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TSS Shouts: Pacquiao/Marquez III, Please

BY Ron Borges ON March 02, 2009
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If there is a technically more proficient boxer in the world than Juan Manuel Marquez no one has ever seen him. This is a point Marquez made clear once again last weekend when he methodically dismantled a good fighter named Juan Diaz round by painful round.

To the untutored eye, some of which were working as part of HBO’s broadcasting team, it appeared Diaz was bulling Marquez around early in the fight, forcing him backwards and landing many more blows. To those who knew better, no one forces Juan Manuel Marquez to do anything inside a boxing ring he doesn’t want to do, except maybe Manny Pacquiao, and he doesn’t do it very often or for very long as their first two fights have proven.

All night Marquez was setting up the uppercuts that ultimately left Diaz bleeding badly and flat on his back, dazed and unsure of anything but the fact he had just been stopped by a superior life form. Diaz was warned of this in Round 3 when, after snapping Marquez’s head back he ate a right uppercut counter in the center of the ring that should have been a lesson to him. It wasn’t and so there were harsher ones delivered six rounds later.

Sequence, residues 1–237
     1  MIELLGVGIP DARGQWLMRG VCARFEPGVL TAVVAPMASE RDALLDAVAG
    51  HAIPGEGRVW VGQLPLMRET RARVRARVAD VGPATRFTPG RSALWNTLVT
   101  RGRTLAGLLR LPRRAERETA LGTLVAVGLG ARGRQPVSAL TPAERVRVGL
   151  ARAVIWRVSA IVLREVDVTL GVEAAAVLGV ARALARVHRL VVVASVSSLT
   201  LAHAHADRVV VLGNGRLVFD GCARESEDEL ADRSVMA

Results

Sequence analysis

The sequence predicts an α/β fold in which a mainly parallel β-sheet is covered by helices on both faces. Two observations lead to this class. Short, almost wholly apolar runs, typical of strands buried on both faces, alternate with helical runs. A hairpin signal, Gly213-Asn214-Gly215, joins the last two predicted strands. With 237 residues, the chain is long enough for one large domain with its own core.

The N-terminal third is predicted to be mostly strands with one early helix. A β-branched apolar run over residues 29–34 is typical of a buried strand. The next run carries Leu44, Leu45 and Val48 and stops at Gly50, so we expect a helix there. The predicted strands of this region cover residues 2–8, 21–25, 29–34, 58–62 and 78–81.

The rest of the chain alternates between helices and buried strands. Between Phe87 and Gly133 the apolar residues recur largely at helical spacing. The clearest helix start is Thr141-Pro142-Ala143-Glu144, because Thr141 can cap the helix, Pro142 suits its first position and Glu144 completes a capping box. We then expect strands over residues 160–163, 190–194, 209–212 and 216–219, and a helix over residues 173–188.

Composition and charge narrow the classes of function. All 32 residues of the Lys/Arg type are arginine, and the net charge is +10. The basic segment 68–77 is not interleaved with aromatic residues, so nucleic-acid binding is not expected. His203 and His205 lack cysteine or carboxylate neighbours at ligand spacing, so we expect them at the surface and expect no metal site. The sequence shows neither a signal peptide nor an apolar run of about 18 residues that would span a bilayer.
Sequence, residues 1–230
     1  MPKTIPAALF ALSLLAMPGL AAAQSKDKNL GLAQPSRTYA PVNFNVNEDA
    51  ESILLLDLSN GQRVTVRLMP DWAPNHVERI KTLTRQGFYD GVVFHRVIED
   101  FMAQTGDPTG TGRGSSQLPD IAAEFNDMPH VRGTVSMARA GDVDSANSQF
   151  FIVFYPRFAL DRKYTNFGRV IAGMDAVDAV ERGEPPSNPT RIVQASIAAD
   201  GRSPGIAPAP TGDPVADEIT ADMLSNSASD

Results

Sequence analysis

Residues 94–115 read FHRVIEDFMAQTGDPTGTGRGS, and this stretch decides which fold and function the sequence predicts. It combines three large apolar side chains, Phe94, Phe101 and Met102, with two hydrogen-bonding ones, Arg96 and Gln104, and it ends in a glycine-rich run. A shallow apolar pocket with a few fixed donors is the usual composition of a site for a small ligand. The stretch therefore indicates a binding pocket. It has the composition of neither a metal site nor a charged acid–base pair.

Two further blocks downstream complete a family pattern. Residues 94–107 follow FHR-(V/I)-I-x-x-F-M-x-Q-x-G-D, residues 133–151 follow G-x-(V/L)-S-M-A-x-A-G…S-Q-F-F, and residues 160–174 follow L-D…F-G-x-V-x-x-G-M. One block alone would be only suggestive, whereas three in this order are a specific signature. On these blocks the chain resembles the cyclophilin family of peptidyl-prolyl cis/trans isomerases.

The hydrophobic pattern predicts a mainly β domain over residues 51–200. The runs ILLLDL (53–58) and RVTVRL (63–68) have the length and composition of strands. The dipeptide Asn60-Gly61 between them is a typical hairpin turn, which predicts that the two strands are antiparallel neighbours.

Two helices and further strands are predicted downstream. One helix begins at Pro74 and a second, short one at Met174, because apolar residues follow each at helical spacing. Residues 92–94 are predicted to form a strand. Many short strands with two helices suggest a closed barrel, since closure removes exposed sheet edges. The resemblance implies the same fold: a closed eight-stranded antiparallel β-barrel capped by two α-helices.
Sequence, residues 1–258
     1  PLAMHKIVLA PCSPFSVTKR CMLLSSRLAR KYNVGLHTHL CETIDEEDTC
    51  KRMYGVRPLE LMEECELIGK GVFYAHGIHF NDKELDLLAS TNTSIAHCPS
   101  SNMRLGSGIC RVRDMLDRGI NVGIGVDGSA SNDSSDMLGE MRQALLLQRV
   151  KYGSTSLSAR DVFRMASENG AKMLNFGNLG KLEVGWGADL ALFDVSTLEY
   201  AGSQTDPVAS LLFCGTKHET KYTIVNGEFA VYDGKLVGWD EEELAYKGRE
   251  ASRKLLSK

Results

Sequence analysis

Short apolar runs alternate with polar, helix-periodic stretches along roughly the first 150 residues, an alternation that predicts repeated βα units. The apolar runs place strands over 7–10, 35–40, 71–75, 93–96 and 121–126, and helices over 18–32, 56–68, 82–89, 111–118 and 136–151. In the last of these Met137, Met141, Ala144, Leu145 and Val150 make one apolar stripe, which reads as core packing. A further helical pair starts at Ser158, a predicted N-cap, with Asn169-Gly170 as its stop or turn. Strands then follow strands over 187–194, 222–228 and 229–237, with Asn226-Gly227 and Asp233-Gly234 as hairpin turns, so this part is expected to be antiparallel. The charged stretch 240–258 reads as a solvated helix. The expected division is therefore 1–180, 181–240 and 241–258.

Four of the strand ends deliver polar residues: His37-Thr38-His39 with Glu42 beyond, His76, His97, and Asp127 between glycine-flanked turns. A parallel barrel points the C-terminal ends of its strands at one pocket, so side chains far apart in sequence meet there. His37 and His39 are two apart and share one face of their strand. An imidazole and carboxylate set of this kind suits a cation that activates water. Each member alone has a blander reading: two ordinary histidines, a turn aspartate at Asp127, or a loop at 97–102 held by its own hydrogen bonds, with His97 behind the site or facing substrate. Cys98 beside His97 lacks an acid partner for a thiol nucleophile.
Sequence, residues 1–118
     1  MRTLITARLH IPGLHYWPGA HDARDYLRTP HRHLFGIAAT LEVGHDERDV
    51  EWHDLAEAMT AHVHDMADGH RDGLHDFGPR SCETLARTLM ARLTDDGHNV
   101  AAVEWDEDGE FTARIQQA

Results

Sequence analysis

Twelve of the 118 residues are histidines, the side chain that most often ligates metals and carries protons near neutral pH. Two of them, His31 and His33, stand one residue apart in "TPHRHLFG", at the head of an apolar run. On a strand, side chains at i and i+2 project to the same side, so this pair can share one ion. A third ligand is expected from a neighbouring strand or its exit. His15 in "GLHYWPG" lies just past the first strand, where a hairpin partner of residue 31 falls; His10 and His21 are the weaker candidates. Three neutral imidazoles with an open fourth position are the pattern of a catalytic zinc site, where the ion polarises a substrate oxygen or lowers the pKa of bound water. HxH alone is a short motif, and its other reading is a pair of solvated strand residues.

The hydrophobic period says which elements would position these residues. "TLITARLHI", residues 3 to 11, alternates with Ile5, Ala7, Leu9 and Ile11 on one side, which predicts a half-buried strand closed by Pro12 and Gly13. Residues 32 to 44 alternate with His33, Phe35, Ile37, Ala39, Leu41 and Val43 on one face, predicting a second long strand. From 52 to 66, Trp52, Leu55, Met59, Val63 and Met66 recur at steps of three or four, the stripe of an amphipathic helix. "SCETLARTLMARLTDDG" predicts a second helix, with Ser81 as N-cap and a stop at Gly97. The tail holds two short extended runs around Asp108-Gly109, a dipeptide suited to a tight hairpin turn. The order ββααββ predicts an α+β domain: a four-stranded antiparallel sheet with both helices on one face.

Marquez may not be the best pound for pound fighter in the world but if you believe that man is Pacquiao, there is little or nothing to pick between them at 122 pounds, 126 pounds and now at 135 pounds. Sure, Pacquiao has a win and a draw over Marquez but nearly as many people believe Marquez won both those fights as there are Pacquiao supporters who think otherwise. That is why the direction the two of them should be headed after Pacquiao faces Ricky Hatton on May 2 is toward each other.